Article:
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I need to assign the output of a command to a variable. The command I tried is:

grep UUID fstab | awk '/ext4/ {print $1}' | awk '{print substr($0,6)}'

I try this code to assign a variable:

UUID=$(grep UUID fstab | awk '/ext4/ {print $1}' | awk '{print substr($0,6)}')

However, it gives a syntax error. In addition I want it to work in a bash script.

The error is:

./ line 12: syntax error near unexpected token ENE=$( grep UUID fstab | awk '/ext4/ {print $1}' | awk '{print substr($0,6)}'

./ line 12:   ENE=$( grep UUID fstab | awk '/ext4/ {print $1}' | awk '{print substr($0,6)}'
share|improve this question
What is the exact error, and are you sure you are using bash? Looks fine to me. – chepner Jul 17 '12 at 17:42
This is (presumably) not related to whatever error you're seeing, but -- your whole pipeline can be written as the single command awk '/UUID/ && /ext4/ { print substr($1, 6) }' fstab. – ruakh Jul 17 '12 at 17:47
You have an extra single quote at the end of what you copy-pasted as your error message (which differs from what you included above). – sshannin Jul 17 '12 at 17:56
awk '/UUID/ && /ext4/ {print substr($1,6)}' fstab – tripleee Jul 17 '12 at 19:16
possible duplicate of How to set a BASH variable equal to the output from a command? – Jahid Jun 1 '15 at 18:30
up vote 10 down vote accepted

well, using the '$()' subshell operator is a common way to get the output of a bash command. As it spans a subshell it is not that efficient.

I tried :

UUID=$(grep UUID /etc/fstab|awk '/ext4/ {print $1}'|awk '{print substr($0,6)}')
echo $UUID # writes e577b87e-2fec-893b-c237-6a14aeb5b390

it works perfectly :)


Of course you can shorten your command :

# First step : Only one awk
UUID=$(grep UUID /etc/fstab|awk '/ext4/ {print substr($1,6)}')

Once more time :

# Second step : awk has a powerful regular expression engine ^^
UUID=$(cat /etc/fstab|awk '/UUID.*ext4/ {print substr($1,6)}')

You can also use awk with a file argument ::

# Third step : awk use fstab directlty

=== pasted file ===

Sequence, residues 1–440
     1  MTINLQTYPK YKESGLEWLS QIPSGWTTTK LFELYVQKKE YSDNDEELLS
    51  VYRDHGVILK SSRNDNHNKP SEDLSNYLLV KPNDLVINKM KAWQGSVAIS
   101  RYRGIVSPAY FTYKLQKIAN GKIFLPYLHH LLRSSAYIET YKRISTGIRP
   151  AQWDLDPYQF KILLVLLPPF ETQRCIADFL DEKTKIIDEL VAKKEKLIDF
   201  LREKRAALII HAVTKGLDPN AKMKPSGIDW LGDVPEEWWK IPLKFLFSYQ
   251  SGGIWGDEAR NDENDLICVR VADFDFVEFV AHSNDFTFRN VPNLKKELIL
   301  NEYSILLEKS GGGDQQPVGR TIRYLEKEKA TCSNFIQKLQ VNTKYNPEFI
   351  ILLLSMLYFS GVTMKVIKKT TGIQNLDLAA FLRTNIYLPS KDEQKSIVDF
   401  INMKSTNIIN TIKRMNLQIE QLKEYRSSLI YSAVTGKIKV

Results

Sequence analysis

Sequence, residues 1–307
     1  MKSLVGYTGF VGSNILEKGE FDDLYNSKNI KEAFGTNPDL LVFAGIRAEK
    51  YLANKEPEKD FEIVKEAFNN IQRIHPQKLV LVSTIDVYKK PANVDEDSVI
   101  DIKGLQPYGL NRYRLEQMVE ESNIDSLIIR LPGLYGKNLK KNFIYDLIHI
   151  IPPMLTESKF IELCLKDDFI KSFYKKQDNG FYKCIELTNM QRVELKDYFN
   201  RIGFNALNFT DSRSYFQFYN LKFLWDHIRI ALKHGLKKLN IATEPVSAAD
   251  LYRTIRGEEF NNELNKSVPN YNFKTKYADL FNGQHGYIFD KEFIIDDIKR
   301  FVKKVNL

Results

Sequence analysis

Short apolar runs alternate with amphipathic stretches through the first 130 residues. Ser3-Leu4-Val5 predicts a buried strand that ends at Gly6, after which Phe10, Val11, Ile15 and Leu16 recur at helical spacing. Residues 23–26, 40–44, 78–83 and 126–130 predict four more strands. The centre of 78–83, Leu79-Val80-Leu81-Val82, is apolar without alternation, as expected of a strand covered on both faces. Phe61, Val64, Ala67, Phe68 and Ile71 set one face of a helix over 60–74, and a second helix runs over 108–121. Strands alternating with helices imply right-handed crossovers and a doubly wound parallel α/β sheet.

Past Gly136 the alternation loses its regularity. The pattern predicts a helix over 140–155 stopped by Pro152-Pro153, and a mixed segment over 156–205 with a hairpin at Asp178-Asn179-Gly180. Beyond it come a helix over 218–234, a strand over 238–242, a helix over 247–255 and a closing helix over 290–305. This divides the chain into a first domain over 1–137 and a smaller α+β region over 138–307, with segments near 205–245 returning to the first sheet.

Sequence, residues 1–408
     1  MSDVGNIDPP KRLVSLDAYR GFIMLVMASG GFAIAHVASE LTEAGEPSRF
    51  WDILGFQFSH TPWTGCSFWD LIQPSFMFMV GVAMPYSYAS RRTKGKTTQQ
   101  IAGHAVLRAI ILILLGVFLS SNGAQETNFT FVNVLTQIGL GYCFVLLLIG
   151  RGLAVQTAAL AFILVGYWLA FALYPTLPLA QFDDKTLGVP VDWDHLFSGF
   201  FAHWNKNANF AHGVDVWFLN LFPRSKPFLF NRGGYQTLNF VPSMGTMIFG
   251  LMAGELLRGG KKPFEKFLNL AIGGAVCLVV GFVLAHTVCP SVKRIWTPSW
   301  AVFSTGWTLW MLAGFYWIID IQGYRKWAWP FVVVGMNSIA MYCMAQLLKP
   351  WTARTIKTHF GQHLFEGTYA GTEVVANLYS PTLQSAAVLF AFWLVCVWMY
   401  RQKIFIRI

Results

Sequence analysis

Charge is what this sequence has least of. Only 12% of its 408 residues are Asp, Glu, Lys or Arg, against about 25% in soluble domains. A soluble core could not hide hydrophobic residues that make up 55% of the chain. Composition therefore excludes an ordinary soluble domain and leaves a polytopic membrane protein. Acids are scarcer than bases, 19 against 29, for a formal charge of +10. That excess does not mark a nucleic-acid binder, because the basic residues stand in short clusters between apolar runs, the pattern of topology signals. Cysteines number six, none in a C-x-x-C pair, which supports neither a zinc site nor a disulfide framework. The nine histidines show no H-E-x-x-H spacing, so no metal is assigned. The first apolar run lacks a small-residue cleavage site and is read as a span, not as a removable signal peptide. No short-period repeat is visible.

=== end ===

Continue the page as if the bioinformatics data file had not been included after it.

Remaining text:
UUID=$(awk '/UUID.*ext4/ {print substr($1,6)}' /etc/fstab)
share|improve this answer
Ok, here is the issue: It works at terminal. However, I want it to work in a script. – Eray Tuncer Jul 17 '12 at 17:50
It works the same in a script as directly at the prompt. – sshannin Jul 17 '12 at 17:56
@ErayTuncer This is certainly due to a typo in your script. – Charles Duffy Jul 17 '12 at 18:13
There shouldn't be a need to pipe awk through awk. The grep is likely not needed either. – jordanm Jul 17 '12 at 18:47
@jordanm : Yes of course, my point was to affect the OP command to a shell variable. I will add a shorter command if I have 5 seconds ^^ – neuro Jan 8 '13 at 13:25

Just for trouble-shooting purposes, and something else to try to see if you can get this to work, you could also try to use "backticks", e.g,


would save the output of the pwd command in your variable cur_dir, though using $() approach is generally preferable.

To quote from a pages given to me on

The second form `COMMAND` (using backticks) is more or less obsolete for Bash, since it has some trouble with nesting ("inner" backticks need to be escaped) and escaping characters. Use $(COMMAND), it's also POSIX!

share|improve this answer
Is there actually a difference between `` and $()? – Shahbaz Jul 17 '12 at 17:48
@Shahbaz There is, the $() will work better with nested constructs, while backticks will be more tricky. There was a discussion about this on, but I can't find it right now. I found it, I'll put it in my answer. – Levon Jul 17 '12 at 17:50
it's definitely more clear to nest using $(), but what I meant was is there an actual difference for bash? Do they behave differently? Or are they different syntaxes for the same thing? – Shahbaz Jul 17 '12 at 17:53
Ok I just saw your update. Dang, I liked backticks, they are so easy to type. – Shahbaz Jul 17 '12 at 17:54
@Shahbaz I usually use the backticks, they work for me, but I am mindful that if I do something more complex I may want to consider the alternatives. – Levon Jul 17 '12 at 17:54

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